Universal precautions/Pain Emergencies

Reducing the chances of spreading infectious diseases is a "high priority" in the dental profession. Our office uses comprehensive infection control procedures which comply with the "universal precautions" set and regulated by government and professional agencies.
Our staff is trained on how infectious diseases are transmitted, techniques of disease prevention, and the use of control procedures. We routinely monitor our infection control policies and update training as necessary.

Many of our control procedures are obvious: gloved hands, protective masks and eye wear, and surgical gowns for certain procedures. What may not be as obvious is our sterilization of all instruments, disinfection of all surfaces, and disposal of contaminated waste into special containers which are then discarded according to government regulations. And for our protection as well as yours, we have all received hepatitis B vaccine and boosters. Your health and well-being are of great concern to us. We strive to serve you in a safe, health-oriented environment.


Knocked out tooth: Pick it up carefully by the top not by the roots. Gently rinse off the tooth and place it back in the socket.  If you are worried about swallowing the tooth, place it in a glass of milk, or water or in a damp towel, and try to get to the dentist within thirty minutes.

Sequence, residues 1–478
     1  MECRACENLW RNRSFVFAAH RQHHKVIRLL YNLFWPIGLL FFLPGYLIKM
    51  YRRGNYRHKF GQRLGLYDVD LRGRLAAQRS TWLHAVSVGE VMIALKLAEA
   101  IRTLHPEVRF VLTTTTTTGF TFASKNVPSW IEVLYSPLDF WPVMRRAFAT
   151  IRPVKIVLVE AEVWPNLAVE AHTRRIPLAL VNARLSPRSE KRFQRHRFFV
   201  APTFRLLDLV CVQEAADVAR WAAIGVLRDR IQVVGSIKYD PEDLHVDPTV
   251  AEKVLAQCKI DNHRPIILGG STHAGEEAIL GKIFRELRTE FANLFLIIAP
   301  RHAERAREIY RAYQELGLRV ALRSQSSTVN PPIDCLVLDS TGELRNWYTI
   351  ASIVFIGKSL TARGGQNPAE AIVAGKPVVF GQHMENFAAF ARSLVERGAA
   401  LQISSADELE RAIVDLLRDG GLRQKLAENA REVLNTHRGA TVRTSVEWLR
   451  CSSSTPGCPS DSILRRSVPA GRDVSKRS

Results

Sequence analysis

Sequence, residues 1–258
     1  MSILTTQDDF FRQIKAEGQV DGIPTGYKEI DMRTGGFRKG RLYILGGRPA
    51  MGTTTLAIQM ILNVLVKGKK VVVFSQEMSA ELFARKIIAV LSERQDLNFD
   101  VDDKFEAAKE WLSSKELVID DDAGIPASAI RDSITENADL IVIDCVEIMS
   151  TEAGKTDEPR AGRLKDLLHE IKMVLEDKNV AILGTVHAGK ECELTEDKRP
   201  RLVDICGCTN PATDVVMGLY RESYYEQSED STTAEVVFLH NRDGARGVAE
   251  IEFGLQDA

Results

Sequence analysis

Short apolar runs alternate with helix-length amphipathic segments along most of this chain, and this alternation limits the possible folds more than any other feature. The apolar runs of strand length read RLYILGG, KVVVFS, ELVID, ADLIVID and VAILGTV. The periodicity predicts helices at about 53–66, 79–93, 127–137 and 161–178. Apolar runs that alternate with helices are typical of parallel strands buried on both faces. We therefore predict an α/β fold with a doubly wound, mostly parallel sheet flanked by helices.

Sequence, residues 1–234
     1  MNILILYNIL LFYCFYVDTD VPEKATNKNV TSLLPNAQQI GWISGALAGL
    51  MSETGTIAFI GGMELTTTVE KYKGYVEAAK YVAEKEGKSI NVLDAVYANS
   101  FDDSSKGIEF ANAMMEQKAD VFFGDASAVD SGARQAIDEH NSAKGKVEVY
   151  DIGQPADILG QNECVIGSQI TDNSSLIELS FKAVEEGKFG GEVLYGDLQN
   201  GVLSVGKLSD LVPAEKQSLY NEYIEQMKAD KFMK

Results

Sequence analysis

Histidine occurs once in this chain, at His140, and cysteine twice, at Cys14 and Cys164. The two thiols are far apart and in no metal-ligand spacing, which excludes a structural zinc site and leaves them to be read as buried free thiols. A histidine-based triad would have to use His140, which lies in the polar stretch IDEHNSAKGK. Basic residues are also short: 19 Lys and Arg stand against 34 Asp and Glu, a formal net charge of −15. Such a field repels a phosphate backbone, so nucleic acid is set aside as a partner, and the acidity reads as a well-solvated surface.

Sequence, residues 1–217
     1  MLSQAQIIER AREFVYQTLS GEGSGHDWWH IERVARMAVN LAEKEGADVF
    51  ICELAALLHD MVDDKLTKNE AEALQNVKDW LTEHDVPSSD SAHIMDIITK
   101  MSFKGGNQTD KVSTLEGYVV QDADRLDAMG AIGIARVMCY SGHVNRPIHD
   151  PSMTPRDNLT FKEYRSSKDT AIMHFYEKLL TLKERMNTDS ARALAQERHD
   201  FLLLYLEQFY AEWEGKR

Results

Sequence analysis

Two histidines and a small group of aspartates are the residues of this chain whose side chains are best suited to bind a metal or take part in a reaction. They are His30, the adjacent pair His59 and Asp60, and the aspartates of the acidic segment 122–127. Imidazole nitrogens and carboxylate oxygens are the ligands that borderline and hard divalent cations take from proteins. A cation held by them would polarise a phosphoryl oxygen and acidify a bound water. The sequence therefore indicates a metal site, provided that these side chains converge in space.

Broken, Chipped or loose tooth: Clean the injured area with warm water and use a cold compress to keep swelling down.  Save any pieces of a broken tooth as fragments can often be bonded back onto the injured tooth.

Abscess: This is caused by an infection in either your gum or tooth.  Often symptoms will include pain, swelling, and a discharge.  Ignoring an Abscess can begin to affect the surrounding teeth if not treated in a hurry, you shouldn't wait.  Take Advil, Ibuprofen, or acetaminophen for pain and get the next appointment possible.

Toothache:  Don't ignore a toothache, as it can become very painful and may mean you have a cavity, and/or an Abscess. Take a pain reliever, as necessary, however you should never crush an aspirin and rinse with it, as it may burn your gum.  Avoid extremely hot, cold, or sweet foods and drinks and contact your dentist for a check.  Don't wait it is probably an easy fix.

Lost filling: You will have to have it replaced quickly, as the hole in your tooth make a great food trap and bacteria will begin to build up causing a much bigger problem.  Act fast and make an appointment. It is a quick procedure and will save you a lot of time and pain down the road.